Info Favorites Register Log in
myArmoury.com Discussion Forums

Forum index Memberlist Usergroups Spotlight Topics Search
Forum Index > Off-topic Talk > Accomodations on the campaign trail? Reply to topic
This is a standard topic  
Author Message
John H





Joined: 08 May 2006

Posts: 60

PostPosted: Thu 24 May, 2007 2:37 pm    Post subject: Accomodations on the campaign trail?         Reply with quote

I have a question about the accomodations men-at-arms, as well as the rest of a typical 15th century army, might have while in the field on a campaign. How elaborate where their encampments? Who had tents/pavilions? What was used for bedrolls? Etc.

Thanks in adnvance for any insights.
View user's profile Send private message Visit poster's website
M. Eversberg II




Location: California, Maryland, USA
Joined: 07 Sep 2006
Reading list: 3 books

Spotlight topics: 1
Posts: 1,435

PostPosted: Thu 24 May, 2007 6:43 pm    Post subject:         Reply with quote

Well, a tent is made of a lot of cloth, and from what I know cloth was expensive back then, so I figure only important people would have a big one. I'm sure the lesser soldiers carried some sort of prop tent or some sort of protection from the elements, even if it was only a blanket put up by sticks.

M.

This space for rent or lease.
View user's profile Send private message AIM Address Yahoo Messenger MSN Messenger ICQ Number
Gordon Frye




Location: Kingston, Washington
Joined: 20 Apr 2004
Reading list: 15 books

Spotlight topics: 2
Posts: 1,191

PostPosted: Thu 24 May, 2007 10:24 pm    Post subject:         Reply with quote

Generally, whenever possible, soldiers (especially the higher social class ones) were quartered among the peasantry or townsmen. Makes things MUCH easier when packing for a campaign! True enough, most of the higher-ups had tentage and camp furniture for when this wasn't possible, but if you read some of the treatises of the day (well, certainly the 16th and 17th Centuries) they often discuss how men should be quartered by the Quarter-Master. His job was to ride ahead of the army to locate proper quarters, and then to divy them up according to rank and priviledge. Usually this meant that the Cavalry got first dibs. Big Grin

This was generally pretty hard on the local populations who were not only expected to house the unwanted guests, but the feed them as well, and try to keep them from outraging their wives and daughters to boot. There's a good reason that peasants enjoyed catching foraging soldiers far from any help, and gaining some measure of revenge. Eek! This is also why the Bill of Rights of the US Constitution specifically forbids the quartering of troops on civilians without specific laws enacted to regulate the practice. The Founding Fathers were aware of the unfortunate consequences of such practices.

Of course, there were plenty of wagons and pack horses carrying tents, bedrolls and camp furniture tagging along with any army on the march, as well as camp followers carrying such things on their backs as well. There's a good reason why armies didn't march very far per day.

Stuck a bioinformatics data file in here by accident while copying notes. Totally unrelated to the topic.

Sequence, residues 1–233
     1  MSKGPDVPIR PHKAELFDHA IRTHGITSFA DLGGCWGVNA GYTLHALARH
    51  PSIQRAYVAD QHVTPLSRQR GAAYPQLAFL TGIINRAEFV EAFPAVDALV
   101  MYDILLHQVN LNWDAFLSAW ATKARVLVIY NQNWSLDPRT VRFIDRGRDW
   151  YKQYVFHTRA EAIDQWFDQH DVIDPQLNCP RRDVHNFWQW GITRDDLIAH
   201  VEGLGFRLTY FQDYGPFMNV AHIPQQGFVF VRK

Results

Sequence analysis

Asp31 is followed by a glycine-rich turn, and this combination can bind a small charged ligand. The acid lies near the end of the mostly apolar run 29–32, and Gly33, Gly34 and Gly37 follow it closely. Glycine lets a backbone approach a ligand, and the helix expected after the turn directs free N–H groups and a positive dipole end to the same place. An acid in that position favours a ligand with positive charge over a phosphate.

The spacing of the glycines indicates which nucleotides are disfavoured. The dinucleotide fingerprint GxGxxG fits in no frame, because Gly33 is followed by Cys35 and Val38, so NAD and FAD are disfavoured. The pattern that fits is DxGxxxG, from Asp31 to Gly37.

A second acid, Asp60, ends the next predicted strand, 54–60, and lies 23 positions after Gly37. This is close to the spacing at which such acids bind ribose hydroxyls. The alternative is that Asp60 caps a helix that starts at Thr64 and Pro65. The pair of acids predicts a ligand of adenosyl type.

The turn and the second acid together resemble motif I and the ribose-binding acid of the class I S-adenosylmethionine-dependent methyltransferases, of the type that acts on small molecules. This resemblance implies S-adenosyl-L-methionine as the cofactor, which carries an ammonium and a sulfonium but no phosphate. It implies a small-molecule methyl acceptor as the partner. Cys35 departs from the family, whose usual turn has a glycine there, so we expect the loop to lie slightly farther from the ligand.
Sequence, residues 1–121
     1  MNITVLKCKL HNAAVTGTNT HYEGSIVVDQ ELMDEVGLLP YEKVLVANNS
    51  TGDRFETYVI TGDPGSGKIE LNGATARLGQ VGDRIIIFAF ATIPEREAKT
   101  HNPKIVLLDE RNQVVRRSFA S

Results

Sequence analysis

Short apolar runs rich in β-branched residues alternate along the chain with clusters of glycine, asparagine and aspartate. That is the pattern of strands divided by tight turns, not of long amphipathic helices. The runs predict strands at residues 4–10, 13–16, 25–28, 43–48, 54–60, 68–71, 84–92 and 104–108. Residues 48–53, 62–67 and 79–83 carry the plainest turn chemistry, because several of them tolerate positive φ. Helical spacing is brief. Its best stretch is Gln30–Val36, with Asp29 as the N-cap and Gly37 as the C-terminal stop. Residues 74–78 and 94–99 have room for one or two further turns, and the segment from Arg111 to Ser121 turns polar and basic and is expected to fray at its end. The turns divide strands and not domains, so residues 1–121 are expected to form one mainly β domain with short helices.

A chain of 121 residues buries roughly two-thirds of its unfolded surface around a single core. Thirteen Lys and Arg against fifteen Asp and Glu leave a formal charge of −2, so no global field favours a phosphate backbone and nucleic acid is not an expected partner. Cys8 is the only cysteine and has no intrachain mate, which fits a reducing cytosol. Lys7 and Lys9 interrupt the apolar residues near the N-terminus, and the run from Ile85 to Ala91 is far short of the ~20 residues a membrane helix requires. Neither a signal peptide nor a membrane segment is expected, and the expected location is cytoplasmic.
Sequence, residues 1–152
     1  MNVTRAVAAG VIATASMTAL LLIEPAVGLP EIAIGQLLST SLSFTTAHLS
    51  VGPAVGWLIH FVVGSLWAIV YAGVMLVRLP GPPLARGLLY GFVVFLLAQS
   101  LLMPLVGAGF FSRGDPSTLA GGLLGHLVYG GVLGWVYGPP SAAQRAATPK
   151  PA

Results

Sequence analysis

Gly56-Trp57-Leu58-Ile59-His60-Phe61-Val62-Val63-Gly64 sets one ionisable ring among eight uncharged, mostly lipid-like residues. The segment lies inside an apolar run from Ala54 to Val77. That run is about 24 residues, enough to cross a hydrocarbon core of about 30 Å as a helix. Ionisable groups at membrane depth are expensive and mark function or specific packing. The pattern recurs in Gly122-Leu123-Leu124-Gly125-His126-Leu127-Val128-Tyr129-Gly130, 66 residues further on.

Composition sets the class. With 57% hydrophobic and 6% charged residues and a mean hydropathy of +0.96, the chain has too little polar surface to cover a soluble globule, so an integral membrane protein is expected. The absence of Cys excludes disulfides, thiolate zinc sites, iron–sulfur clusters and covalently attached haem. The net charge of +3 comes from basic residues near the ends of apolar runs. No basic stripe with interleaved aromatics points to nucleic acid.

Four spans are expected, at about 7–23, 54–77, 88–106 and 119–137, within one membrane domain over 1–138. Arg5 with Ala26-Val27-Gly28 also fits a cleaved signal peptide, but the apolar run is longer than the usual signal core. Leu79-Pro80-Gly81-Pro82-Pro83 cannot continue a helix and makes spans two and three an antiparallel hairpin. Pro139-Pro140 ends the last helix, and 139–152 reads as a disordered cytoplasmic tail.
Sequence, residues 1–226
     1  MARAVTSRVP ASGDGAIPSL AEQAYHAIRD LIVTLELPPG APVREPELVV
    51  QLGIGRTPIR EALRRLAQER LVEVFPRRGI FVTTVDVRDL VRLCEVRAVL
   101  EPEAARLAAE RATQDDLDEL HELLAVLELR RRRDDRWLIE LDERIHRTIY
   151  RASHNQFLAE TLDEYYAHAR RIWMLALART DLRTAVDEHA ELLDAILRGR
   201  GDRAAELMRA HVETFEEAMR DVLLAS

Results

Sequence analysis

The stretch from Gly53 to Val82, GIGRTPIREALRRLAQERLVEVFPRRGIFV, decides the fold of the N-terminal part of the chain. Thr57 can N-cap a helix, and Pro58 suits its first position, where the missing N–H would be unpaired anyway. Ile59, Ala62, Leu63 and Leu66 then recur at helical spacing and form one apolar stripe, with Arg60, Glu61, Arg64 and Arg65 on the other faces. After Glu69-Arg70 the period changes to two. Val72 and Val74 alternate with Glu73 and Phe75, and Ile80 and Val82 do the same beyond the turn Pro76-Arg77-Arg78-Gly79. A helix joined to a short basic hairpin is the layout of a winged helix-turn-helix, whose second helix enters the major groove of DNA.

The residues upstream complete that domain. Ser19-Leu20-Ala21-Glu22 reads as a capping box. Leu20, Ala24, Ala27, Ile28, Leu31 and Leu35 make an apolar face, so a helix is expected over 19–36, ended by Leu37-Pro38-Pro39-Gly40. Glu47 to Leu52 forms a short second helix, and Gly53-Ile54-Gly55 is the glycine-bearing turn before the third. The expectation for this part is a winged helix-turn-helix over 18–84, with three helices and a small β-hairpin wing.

BTW, usually each Cavalryman (16th and early 17th Centuries at least) had at least one mounted servant with him, who was responsible for any bedding and baggage that they may need, while a Man-at-Arms often had several servants and was supposed to have upwards of five horses in his train. One for him to ride on the campaign trail, one for his servant, and three war horses. The war horses could, as needed, pack any kit that they were bringing along.

Cheers!

Gordon

"After God, we owe our victory to our Horses"
Gonsalo Jimenez de Quesada
http://www.renaissancesoldier.com/
http://historypundit.blogspot.com/
View user's profile Send private message Visit poster's website Yahoo Messenger
Lafayette C Curtis




Location: Indonesia
Joined: 29 Nov 2006
Reading list: 7 books

Posts: 2,689

PostPosted: Fri 25 May, 2007 7:05 am    Post subject:         Reply with quote

To make a long story short, let me refer you to two online sources. The first is an article about the Burgundian Ordonnances:

http://www.geocities.com/thorvin.geo/ordinances.htm

And the second is Brian Ditcham's dissertation on the employment of mercenary troops in 15th-century France.

http://www.deremilitari.org/resources/articles/ditcham1.htm

Both of them deal extensively with the question of camping and billeting the troops.
View user's profile Send private message
John H





Joined: 08 May 2006

Posts: 60

PostPosted: Fri 25 May, 2007 8:44 am    Post subject: Thanks for the explanation!         Reply with quote

...and those links are fantastic!
View user's profile Send private message Visit poster's website


Display posts from previous:   
Forum Index > Off-topic Talk > Accomodations on the campaign trail?
Page 1 of 1 Reply to topic
All times are GMT - 8 Hours

View previous topic :: View next topic
Jump to:  
You cannot post new topics in this forum
You cannot reply to topics in this forum
You cannot edit your posts in this forum
You cannot delete your posts in this forum
You cannot vote in polls in this forum
You cannot attach files in this forum
You can download files in this forum






All contents © Copyright 2003-2018 myArmoury.com — All rights reserved
Discussion forums powered by phpBB © The phpBB Group
Switch to the Basic Low-bandwidth Version of the forum